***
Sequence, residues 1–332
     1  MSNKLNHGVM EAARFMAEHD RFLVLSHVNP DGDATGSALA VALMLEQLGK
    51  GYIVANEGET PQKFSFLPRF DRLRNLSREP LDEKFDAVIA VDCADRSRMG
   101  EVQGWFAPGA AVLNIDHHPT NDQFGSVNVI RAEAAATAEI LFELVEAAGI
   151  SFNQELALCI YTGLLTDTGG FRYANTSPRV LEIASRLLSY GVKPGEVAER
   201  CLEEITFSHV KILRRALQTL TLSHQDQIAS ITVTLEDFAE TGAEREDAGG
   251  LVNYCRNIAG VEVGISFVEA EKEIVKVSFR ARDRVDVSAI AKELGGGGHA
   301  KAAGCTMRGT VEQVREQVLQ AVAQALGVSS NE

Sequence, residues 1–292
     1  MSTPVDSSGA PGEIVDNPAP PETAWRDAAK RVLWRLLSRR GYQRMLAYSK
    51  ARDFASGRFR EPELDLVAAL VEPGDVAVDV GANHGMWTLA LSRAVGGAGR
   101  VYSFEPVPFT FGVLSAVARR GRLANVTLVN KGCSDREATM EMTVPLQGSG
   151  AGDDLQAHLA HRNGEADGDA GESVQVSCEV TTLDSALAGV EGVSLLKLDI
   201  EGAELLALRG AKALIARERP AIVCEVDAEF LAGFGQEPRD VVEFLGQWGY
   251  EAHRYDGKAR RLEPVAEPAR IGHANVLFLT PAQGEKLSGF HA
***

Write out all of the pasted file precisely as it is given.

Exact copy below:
Sequence, residues 1–332
     1  MSNKLNHGVM EAARFMAEHD RFLVLSHVNP DGDATGSALA VALMLEQLGK
    51  GYIVANEGET PQKFSFLPRF DRLRNLSREP LDEKFDAVIA VDCADRSRMG
   101  EVQGWFAPGA AVLNIDHHPT NDQFGSVNVI RAEAAATAEI LFELVEAAGI
   151  SFNQELALCI YTGLLTDTGG FRYANTSPRV LEIASRLLSY GVKPGEVAER
   201  CLEEITFSHV KILRRALQTL TLSHQDQIAS ITVTLEDFAE TGAEREDAGG
   251  LVNYCRNIAG VEVGISFVEA EKEIVKVSFR ARDRVDVSAI AKELGGGGHA
   301  KAAGCTMRGT VEQVREQVLQ AVAQALGVSS NE

Sequence, residues 1–292
     1  MSTPVDSSGA PGEIVDNPAP PETAWRDAAK RVLWRLLSRR GYQRMLAYSK
    51  ARDFASGRFR EPELDLVAAL VEPGDVAVDV GANHGMWTLA LSRAVGGAGR
   101  VYSFEPVPFT FGVLSAVARR GRLANVTLVN KGCSDREATM EMTVPLQGSG
   151  AGDDLQAHLA HRNGEADGDA GESVQVSCEV TTLDSALAGV EGVSLLKLDI
   201  EGAELLALRG AKALIARERP AIVCEVDAEF LAGFGQEPRD VVEFLGQWGY
   251  EAHRYDGKAR RLEPVAEPAR IGHANVLFLT PAQGEKLSGF HA